Thursday, August 27, 2015

What's in a Name?

You may have seen this article on CNN yesterday: The Most Popular Baby Names Are ...

The Social Security Administration publishes an annual list of the most popular baby names because ... well ... why not? You can read the list for 2014 at their website here, and you can read my comments below.

First of all, I note with great satisfaction that William is the fifth place male name. I'm sure it would be higher on the list, but we Williams* are generous fellows, and don't like to show up everyone else.

The first-place male name is Noah ... a fine name which happens also to be the name of my youngest grandson.

On the female name side, the fifth-place name is Ava ... a beautiful name which is also the name of my youngest granddaughter. Emily, in seventh place, is the name of my beautiful little niece in Germany.

The CNN article also offers for comparison the most popular baby names in the United Kingdon, where Ava comes in at number six on the list for girls and William at number ten for boys. Noah, sadly, doesn't make the top ten in the UK, although Tyrion (from the popular character in the books and TV series "Game of Thrones") is said to be popular.

The names we give to our children are important, because they'll have to answer to them for a long time. I wrote a cautionary post on this topic back in 2013, which you can read here. To all my friends who are pregnant or may become pregnant in the future, think carefully about the name you choose ...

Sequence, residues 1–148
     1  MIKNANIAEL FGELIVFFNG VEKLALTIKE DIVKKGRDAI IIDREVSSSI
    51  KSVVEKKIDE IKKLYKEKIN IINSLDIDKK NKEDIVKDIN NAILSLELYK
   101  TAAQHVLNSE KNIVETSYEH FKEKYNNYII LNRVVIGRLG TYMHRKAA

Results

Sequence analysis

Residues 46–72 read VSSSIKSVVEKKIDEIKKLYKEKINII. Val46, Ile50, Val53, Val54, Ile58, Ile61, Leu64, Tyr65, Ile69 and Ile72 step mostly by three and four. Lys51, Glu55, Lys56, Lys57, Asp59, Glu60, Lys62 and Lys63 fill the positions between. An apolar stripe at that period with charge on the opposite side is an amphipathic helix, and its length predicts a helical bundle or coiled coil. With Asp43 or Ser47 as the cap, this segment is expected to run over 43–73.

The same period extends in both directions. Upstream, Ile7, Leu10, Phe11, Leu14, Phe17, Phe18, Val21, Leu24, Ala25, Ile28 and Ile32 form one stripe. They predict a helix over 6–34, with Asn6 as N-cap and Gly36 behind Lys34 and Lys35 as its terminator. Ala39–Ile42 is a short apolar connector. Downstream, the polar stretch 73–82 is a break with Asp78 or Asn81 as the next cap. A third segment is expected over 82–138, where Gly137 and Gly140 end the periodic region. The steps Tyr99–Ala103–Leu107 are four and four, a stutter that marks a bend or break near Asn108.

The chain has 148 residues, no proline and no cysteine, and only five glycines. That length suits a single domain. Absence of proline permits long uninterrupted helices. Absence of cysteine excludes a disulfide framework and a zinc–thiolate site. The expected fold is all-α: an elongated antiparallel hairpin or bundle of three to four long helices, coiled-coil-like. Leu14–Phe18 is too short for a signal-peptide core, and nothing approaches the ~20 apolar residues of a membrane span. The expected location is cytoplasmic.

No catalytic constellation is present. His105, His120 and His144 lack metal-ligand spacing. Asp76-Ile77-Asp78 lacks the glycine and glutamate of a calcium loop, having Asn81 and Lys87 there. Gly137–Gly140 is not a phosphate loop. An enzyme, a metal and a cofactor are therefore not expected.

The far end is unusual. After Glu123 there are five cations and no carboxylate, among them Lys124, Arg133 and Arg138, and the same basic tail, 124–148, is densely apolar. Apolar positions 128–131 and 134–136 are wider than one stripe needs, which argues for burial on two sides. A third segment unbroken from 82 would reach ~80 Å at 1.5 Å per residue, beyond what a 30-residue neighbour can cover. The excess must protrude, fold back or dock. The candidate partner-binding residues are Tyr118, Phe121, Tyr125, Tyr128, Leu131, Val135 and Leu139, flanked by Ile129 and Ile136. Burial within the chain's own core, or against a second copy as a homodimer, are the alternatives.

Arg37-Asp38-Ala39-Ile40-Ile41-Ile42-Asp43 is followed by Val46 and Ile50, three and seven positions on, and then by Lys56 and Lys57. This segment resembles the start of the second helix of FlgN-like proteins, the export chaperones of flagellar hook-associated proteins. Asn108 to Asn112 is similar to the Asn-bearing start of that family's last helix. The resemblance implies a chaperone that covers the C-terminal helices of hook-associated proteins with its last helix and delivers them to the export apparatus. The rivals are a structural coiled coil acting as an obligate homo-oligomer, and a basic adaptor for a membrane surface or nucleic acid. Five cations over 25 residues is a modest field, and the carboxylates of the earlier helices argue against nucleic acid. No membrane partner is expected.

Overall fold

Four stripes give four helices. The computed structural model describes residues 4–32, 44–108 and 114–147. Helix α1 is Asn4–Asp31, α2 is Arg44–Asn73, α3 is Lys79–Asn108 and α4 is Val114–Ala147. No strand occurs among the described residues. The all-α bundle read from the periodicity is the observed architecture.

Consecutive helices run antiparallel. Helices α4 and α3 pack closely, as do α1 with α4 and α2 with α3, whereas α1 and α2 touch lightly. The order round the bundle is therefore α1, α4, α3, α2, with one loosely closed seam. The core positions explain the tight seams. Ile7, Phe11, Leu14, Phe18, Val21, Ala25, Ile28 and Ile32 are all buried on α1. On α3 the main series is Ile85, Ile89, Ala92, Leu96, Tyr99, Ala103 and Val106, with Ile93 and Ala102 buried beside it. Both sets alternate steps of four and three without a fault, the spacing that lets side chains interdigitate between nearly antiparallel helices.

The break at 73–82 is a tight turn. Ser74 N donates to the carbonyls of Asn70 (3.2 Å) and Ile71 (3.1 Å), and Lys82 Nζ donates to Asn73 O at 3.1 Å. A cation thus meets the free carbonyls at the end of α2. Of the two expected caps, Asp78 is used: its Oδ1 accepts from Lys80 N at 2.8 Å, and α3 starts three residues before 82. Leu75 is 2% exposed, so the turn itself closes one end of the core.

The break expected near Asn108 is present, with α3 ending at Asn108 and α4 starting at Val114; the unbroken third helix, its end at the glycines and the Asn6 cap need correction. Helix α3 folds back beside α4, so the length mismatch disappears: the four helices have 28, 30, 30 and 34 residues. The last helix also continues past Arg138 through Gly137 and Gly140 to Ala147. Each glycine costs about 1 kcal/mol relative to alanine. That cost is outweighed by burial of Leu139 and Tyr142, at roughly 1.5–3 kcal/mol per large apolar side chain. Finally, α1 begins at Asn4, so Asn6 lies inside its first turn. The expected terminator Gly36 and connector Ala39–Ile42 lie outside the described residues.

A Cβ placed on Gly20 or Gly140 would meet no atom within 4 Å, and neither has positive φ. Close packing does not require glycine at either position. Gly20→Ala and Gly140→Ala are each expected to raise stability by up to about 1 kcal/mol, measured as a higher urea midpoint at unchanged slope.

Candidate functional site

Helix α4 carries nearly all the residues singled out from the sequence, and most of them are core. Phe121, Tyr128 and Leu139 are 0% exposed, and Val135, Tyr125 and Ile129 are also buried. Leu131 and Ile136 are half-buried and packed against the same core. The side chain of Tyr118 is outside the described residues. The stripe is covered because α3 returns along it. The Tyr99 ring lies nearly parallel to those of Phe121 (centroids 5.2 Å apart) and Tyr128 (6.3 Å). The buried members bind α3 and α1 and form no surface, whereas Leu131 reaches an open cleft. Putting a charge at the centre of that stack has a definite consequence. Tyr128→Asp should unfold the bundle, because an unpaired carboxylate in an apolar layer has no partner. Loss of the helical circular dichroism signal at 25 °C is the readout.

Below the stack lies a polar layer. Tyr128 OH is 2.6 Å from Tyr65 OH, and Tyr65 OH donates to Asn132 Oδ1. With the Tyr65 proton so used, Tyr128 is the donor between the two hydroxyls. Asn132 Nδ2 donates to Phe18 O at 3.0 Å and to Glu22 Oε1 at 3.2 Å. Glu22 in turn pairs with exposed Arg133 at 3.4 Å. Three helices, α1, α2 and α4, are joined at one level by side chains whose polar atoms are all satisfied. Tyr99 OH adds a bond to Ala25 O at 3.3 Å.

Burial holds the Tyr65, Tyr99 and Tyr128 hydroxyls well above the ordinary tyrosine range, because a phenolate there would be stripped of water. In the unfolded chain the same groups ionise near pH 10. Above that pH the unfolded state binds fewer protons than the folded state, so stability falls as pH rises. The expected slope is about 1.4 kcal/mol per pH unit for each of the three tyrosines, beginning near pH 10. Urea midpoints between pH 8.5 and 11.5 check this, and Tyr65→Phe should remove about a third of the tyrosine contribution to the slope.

Have a good day. Come back tomorrow when we will announce the name of our Left Cheek Ass Clown of the Month ... whose name does not appear on either the US or UK top-ten list.

More thoughts then.


* Yes, my real name is William, but you can call me "your eminence." Or my other preferred title, about which you can read here. You can read about my search for a suitable coat of arms to go with the title here.

Wednesday, August 26, 2015

The Things We Expect, and the Things We Don't

An interesting thing happened to me the other day.

I had gone into a local book store to buy some books for my granddaughter*. After leaving the bookstore I ran a few more errands, and arrived home an hour or so later. On unpacking the bag from the bookstore, I discovered that the clerk had put into the bag not only my receipt, but also the charge slip I'd signed.

I had to go out again later for something else, so I drove back to the bookstore and went to customer service to give them the signed charge slip.

Well ...